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Satyr Pouring Wine
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Satyr Pouring Wine


Description Conservation Exhibitions Provenance Credit
Description The satyr exemplifies the carefree world of Dionysus, god of wine. The original statue, now lost, was by the celebrated artist Praxiteles. The goat-eared satyr pours from a jug that was held in his upraised right hand into a shallow dish he held below. The sinuous curves and unmuscled adolescent body are hallmarks of Praxiteles' most celebrated works, as are the grace and charm of the subject.
Conservation
Date Description Narrative
6/22/1961Treatmentcleaned
7/20/1970Treatmentcleaned
6/30/1988Treatmentcleaned; loss compensation
1/01/1992Technical Reportx-ray diffraction; other
3/27/1996Treatmentcleaned
Exhibitions
  • From Alexander to Cleopatra: Greek Art of the Hellenistic Age. The Walters Art Gallery, Baltimore. 1988-1989.
  • Highlights from the Collection. The Walters Art Gallery, Baltimore. 1998-2001.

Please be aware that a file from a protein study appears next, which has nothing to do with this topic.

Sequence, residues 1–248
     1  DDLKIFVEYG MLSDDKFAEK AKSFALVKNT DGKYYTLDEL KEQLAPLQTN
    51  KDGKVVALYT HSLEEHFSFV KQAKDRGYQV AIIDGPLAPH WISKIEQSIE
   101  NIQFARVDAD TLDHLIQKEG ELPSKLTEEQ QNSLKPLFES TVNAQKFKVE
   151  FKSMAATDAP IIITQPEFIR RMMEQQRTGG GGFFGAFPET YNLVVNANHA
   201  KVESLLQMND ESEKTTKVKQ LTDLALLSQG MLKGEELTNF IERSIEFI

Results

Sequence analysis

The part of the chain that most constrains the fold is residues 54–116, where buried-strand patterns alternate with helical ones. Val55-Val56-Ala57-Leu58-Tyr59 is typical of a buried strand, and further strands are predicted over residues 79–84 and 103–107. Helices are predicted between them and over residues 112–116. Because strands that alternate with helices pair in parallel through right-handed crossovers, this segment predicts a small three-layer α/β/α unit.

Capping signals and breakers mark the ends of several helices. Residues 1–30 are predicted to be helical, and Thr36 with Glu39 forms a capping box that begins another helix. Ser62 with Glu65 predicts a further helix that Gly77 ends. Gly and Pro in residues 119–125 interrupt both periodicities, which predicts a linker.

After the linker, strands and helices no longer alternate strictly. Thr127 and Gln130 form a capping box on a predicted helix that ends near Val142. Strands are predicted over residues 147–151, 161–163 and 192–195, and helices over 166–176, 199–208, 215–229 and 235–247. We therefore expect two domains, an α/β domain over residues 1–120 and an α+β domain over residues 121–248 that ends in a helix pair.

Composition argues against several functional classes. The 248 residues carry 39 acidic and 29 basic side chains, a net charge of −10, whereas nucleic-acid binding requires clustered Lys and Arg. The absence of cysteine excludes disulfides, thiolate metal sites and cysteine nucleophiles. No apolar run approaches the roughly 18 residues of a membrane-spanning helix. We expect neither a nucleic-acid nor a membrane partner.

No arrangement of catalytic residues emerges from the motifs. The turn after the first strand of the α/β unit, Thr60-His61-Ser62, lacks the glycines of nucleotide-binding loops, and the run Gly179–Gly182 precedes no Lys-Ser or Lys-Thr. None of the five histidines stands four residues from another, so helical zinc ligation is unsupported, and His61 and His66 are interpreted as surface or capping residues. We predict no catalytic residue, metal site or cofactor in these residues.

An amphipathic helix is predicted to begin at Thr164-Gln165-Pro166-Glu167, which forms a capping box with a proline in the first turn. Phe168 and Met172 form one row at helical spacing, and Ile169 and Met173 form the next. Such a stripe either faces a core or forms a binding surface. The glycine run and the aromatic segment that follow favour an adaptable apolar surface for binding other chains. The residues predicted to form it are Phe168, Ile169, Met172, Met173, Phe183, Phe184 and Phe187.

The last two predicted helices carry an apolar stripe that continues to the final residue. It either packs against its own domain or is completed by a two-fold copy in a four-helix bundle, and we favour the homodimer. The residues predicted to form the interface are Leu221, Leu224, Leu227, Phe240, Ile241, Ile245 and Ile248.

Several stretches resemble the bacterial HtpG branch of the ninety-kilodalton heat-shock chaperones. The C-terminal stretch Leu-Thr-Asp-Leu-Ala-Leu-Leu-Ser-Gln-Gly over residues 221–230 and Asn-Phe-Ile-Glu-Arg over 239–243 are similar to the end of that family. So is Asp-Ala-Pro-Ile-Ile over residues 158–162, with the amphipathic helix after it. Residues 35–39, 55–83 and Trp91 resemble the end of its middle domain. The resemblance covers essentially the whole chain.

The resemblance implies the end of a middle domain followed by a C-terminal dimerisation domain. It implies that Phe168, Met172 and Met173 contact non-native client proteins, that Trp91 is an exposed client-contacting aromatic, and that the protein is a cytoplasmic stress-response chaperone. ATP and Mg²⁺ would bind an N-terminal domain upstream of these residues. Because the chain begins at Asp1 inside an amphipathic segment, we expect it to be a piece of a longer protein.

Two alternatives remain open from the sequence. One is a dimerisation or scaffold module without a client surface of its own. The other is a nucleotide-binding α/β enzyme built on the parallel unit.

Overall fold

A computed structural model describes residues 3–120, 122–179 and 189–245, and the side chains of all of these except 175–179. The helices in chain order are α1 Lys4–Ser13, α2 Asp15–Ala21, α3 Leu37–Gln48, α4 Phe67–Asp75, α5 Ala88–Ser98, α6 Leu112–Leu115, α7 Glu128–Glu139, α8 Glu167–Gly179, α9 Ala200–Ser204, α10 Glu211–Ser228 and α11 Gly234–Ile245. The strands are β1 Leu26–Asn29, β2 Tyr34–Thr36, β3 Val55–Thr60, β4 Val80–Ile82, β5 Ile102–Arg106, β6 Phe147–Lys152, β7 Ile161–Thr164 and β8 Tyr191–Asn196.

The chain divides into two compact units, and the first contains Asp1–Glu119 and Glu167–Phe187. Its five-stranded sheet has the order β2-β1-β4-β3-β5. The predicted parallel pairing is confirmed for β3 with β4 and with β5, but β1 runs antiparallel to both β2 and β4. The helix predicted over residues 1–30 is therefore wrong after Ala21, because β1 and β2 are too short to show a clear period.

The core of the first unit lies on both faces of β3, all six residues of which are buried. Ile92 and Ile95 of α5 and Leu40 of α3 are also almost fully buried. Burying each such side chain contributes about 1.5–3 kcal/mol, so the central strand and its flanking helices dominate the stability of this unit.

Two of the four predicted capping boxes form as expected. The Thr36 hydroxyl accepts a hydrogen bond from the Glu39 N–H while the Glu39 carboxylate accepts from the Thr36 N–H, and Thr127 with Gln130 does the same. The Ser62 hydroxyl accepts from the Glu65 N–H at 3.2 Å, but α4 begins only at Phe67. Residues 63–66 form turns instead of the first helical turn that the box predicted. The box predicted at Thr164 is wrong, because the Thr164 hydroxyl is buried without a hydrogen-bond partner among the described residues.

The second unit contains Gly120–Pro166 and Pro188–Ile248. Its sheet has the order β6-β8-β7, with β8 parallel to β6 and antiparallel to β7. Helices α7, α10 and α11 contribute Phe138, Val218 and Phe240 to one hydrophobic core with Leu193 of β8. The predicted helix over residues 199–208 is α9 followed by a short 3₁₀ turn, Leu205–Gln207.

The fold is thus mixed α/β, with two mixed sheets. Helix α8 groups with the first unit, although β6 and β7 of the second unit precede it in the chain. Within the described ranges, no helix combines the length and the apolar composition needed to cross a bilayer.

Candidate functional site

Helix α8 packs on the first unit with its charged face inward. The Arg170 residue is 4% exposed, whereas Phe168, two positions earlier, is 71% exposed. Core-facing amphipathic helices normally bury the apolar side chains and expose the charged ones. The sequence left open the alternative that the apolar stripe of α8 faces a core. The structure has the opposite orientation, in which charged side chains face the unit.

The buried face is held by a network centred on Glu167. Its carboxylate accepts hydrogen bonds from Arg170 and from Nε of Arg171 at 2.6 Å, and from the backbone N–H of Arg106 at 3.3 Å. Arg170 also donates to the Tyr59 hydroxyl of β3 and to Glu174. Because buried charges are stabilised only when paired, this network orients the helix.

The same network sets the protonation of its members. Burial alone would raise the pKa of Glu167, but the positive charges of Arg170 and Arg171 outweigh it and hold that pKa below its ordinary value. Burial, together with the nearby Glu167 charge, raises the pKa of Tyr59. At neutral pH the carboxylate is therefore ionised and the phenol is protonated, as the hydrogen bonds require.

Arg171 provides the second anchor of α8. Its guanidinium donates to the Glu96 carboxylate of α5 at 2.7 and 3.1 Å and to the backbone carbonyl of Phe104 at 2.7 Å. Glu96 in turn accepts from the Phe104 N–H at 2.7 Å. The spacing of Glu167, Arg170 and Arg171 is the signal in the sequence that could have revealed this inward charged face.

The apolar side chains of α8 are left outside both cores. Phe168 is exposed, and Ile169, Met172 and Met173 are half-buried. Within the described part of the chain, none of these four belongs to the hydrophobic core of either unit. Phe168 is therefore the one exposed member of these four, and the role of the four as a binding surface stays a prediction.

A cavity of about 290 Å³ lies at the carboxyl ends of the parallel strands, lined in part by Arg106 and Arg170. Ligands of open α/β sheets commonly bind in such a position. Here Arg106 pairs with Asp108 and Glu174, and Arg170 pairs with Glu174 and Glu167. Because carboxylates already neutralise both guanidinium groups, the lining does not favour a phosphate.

Provenance Porto d'Anzio, ca. 1890 [recovered during the excavations for the building of the Villa Mengarini, said to be from Antium (?)]; Margherita Mengarini, Rome and Anzio, ca. 1890, by excavation; Joseph Brummer, Paris and New York, 1927, by purchase [Brummer inv. no. P4561]; Henry Walters, Baltimore, 1928, by purchase; Walters Art Museum, 1931, by bequest.
Credit Acquired by Henry Walters, 1928

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Period
Original: ca. 370-360 BCE; Roman copy: 1st century BCE-1st century CE (Classical-Roman)
Medium
marble
(Sculpture)
Accession Number
23.22
Measurements
43 5/16 x 15 3/8 x 8 11/16 in. (110 x 39 x 22.1 cm)
Geography
  • Italy, Anzio (Antium) (Place of Discovery)

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